Madeline Bailey – Radically Simple Accounting

What is your most recent book? Tell us a bit about it.

Radically Simple Accounting
Everyone who is self employed needs to learn accounting—it’s the language of business. If you own a business, or receive a 1099, you’re self-employed. But most accounting books are rigid and boring.

Radically Simple Accounting introduces a new way to learn accounting that is easy to learn. You are walked through setting up or fixing your chart of accounts, so it’s a self-help type of book, which makes it engaging. You’ll also learn a great deal about being self-employed in the US, including deductions you might be missing, standard financial reports, working with accounting professionals, and so much more.

Tell us something about yourself.

A business analyst with 28 years of PC expertise, I began my financial career as a computer programmer for accounting software. I also have a BA in Business Management. It wasn’t until 1991 that I joined my husband as managing partner of our own software publishing company. Frustrated with the lack of financial visibility, I implemented QuickBooks Accounting Software for DOS, and profitability soared. Word of my success spread and soon the SBA and several entrepreneurs were asking me if I could do the same for them. This opened the door to founding QC Computing LLC in 1997, a consulting firm specializing in QuickBooks.

Now I’m one of the top-rated QuickBooks consultants/accountant in the greater Seattle, WA area. Technology permits me to work by dial-up with clients all over the US. I do not answer single tech support questions, but I am happy to do a one-afternoon consulting session. Hearing from readers is always a delight.

What inspired you to write this book?

While working as a QuickBooks accountant, I noticed a communication gap between some accountants and their clients. That’s when I discovered this simpler way to teach accounting.

Deeply spiritual, I wanted to make this information available to anyone with $20 or a library card. I recently released the audio book for free. I also donate 10% of proceeds to charity.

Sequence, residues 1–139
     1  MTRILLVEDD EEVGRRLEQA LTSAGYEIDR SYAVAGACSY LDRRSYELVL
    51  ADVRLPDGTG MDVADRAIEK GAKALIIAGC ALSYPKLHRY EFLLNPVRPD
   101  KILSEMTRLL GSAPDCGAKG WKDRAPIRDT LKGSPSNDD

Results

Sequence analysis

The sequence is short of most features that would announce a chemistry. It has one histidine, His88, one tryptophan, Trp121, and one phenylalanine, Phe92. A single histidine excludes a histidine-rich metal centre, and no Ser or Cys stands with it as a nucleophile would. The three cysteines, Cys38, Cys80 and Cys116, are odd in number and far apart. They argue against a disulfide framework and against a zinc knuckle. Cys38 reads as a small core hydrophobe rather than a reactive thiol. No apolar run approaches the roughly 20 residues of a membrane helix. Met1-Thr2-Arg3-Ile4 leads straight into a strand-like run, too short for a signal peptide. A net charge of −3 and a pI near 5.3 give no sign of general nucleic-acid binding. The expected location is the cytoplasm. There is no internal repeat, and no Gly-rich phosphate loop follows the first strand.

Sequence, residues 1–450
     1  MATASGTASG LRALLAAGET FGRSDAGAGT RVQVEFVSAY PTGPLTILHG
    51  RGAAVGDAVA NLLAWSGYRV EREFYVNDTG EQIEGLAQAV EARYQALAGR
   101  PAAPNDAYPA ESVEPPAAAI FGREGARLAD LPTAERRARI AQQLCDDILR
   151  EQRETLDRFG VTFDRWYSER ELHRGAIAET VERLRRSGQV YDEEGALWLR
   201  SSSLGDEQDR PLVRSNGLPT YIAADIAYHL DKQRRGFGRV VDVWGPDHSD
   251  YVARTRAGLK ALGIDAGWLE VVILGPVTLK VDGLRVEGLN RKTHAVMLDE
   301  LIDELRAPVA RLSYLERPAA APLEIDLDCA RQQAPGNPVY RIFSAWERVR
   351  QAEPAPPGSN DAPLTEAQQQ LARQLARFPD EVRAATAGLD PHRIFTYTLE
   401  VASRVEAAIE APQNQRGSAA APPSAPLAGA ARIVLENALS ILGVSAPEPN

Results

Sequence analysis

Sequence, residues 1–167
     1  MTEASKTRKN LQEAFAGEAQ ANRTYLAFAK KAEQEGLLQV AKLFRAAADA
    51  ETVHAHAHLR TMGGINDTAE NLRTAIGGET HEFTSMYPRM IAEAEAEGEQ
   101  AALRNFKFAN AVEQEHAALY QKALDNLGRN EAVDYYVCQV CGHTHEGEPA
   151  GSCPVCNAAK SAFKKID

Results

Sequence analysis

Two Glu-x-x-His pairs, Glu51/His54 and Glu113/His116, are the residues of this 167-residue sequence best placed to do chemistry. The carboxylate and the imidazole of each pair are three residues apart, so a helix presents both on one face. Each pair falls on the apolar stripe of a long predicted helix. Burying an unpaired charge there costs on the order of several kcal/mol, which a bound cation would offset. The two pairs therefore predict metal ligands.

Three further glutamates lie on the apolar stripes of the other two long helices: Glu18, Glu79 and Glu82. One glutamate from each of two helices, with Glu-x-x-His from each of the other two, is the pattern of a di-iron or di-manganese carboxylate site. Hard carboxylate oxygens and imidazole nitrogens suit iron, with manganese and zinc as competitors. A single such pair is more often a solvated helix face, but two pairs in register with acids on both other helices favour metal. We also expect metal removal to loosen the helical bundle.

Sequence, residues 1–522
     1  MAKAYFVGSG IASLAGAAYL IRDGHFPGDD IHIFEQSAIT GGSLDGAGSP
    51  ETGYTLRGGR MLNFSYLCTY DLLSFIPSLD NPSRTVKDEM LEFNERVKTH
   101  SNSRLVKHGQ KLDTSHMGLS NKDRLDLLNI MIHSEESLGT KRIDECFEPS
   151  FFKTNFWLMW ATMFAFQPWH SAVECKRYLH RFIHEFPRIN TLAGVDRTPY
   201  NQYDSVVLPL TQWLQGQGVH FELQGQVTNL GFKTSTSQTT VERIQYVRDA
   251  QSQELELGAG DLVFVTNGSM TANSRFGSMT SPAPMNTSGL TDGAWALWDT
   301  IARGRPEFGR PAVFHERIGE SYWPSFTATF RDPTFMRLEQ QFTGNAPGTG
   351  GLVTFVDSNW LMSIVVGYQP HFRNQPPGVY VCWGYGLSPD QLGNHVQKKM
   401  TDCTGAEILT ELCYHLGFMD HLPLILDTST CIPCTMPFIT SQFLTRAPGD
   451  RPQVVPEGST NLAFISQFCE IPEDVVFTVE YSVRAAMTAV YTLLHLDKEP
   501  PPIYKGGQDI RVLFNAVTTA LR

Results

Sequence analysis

How did you choose the title?

‘Radical’ is defined as proceeding from the root; marked by a sharp departure from the usual or traditional. The book introduces a new approach to accounting that’s amazingly simple. By shifting the reader’ attention from debits and credits to their business model, I engage them in something that interests them. If there’s one thing that interests people, it’s their money!

What obstacles did you encounter in getting this book published? How did you overcome them?

Subjects that are ahead of their time rarely attract publishers, and I had owned a software publishing company so I already knew how to self-publish. Just don’t get discouraged if you have to do everything twice; that’s the norm for self-publishing.

How did you know you wanted to be a writer? How did you get started?
I had a world-class education and a wonderful library even at home that supported my love of books. I started my first real book in my 20’s. What I learned over the years is that I need to write about a subject that I’d be interested in being a role-model for and talking about for the long term, because marketing goes on way longer than writing.

If you were doing it all over again, what would you do differently?

Everything went exceptionally well. Except the first self-publisher I chose, Booksurge, did a terrible job for me, including they assigned a release date that was 2 months before the true publish date. A later publish date is always better. Two months after the true publish date that would be ideal. The book is in its 2nd printing so it doesn’t matter now.

What types of books do you like to read? Who are your favorite authors?

I’m an avid reader of business books. I have a list of business books I recommend on my website, I include little blurbs about each book because my list is very long, and my friends want to know why I recommend a book, so I figure that’s what a reader wants too.

Are you working on your next book? What can you tell us about it?

I’m working on ideas for my next book, listening to what readers/clients want. I tend to formulate the book in my head before I start writing.

What is the best advice you could give other writers about writing or publishing?

Edit long past everyone else’s tolerance point. Pay people to edit for you if necessary. My editing process was so long that lots of people gave up on me saying that I would never finish, but they have never published anything. I knew that I had a discovered something wonderful and long-lasting so I wanted to create the best book I could create, and that kept me going. I overcame the challenge of writing a technical book for entry-level readers by getting lots of readers, and editing behind them. And to make up for my lack of writing skills, I used the fact that I’m an avid reader to edit and edit and edit the book until it flowed. The book gets excellent reviews from readers so it was worthwhile.

Who is the perfect reader for your book?

Anyone who would benefit from improving their accounting (or learning it in the first place)!

Besides business owners, solopreneurs, and 1099 recipients, I encourage every junior bookkeeper to read this book. Accounting students can learn a great deal from this easy-to-read book that’ll help them with their textbook work. CPA’s, EA’s, and Accounting Instructors tend to be interested in this book to support their class/practice.

Where can readers learn more about you and your book?

For more information on the book, reader’s reviews, and book excerpts, please go to my website at
You can buy the eBook or download the free audiobook at
Print Books for sale at

Your library will order the book at your request.